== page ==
nep-cul New Economics Papers
on Cultural Economics
Issue of 2022‒04‒11
three papers chosen by
Roberto Zanola
Università degli Studi del Piemonte Orientale

  1. Optimal Inter-Release Time between Sequentially Released Products By Jackie Y. Luan; K. Sudhir
  2. Who Should Own the Past? By Maija Halonen-Aktawijuka; Evanjelos Parfilis
  3. Media Slant is Contagious By Philine Widmer; Sergio Galletta; Elliott Ash

  1. By: Jackie Y. Luan (Lavector); K. Sudhir (Cowles Foundation, Yale University; Cowles Foundation, Yale University)
    Abstract: Marketers routinely use timing as a segmentation device through sequential product releases.While there has been much theoretical research on the optimal introduction strategy of sequential releases, there is little empirical research on this problem. This paper develops an econometric model to empirically solve the inter-release timing problem: it involves (1) developing and estimating a structural model of consumers’ choice for sequentially released products and (2) using the estimates of the structural model to solve for the optimal inter-release time. The empirical application focuses on the movie industry, where we specifically address the issue of the inter-release time between a theatrical movie and its DVD version. We find that consumers are indeed forward looking; a shrinking movie-DVD release window does negatively impact box office revenues, but there is a tradeoff in that there is greater residual buzz from the movie marketing that supports the sales of DVD due to the shorter time window. This leads to an inverted U shaped relationship between movie-DVD release window and revenues, and the theater-DVD window that maximizes industry revenue for the average movie during the data period is 2.5 months.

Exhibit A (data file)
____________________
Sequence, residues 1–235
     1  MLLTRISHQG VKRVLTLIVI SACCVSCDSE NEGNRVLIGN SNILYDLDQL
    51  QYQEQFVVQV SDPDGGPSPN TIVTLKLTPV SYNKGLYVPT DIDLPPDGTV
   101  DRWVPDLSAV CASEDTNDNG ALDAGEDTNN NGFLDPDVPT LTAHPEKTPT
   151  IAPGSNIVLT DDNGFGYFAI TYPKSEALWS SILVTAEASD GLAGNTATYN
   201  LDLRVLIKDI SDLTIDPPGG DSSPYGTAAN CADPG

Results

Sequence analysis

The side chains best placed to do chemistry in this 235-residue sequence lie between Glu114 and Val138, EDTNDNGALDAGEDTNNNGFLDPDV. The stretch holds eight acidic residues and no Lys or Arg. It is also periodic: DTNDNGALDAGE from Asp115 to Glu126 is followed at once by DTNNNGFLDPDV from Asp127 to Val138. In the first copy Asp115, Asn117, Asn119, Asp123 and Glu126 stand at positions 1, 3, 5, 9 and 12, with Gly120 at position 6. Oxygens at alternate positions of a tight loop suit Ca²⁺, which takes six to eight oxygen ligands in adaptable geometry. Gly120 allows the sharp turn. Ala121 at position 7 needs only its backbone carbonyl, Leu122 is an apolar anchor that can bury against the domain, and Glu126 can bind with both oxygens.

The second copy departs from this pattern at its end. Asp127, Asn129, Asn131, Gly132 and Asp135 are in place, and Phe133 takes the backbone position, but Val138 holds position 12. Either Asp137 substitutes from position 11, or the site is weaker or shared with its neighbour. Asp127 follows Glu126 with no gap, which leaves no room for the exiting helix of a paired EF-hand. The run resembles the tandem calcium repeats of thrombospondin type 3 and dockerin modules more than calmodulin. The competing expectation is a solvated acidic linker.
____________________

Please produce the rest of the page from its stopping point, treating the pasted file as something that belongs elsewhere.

Keywords: Movies, sequential releases, entertainment industry, structural model, segmentation.
    Date: 2022–02
  2. By: Maija Halonen-Aktawijuka; Evanjelos Parfilis
    Abstract: We examine restitution of cultural goods. We show that host country own-ership and location of the cultural good can be optimal when the host countryinvests in restoration and has indispensable technical skills. Full restitutionbecomes optimal when the host country completes restoration, while return inthe form of loan to the source country can be optimal when the source countrybecomes indispensable due to its cultural significance. Valuation changes cantrigger restitution, but do not pin down its optimal form. We apply our anal-ysis to the restitution of Icelandic manuscripts and the proposed loan of Beninbronzes to Nigeria.
    Date: 2022–03–03
  3. By: Philine Widmer; Sergio Galletta; Elliott Ash
    Abstract: This paper analyzes the influence of partisan content from national cable TV news on local reporting in U.S. newspapers. We provide a new machine-learning-based measure of cable news slant, trained on a corpus of 40K transcribed TV episodes from Fox News Channel (FNC), CNN, and MSNBC (2005-2008). Applying the method to a corpus of 24M local newspaper articles, we find that in response to an exogenous increase in local viewership of FNC relative to CNN/MSNBC, local newspaper articles become more similar to FNC transcripts (and vice versa). Consistent with newspapers responding to changes in reader preferences, we see a shift in the framing of local news coverage rather than just direct borrowing of cable news content. Further, cable news slant polarizes local news content: right-leaning newspapers tend to adopt right-wing FNC language, while left-leaning newspapers tend to become more left-wing. Media slant is contagious.
    Date: 2022–02

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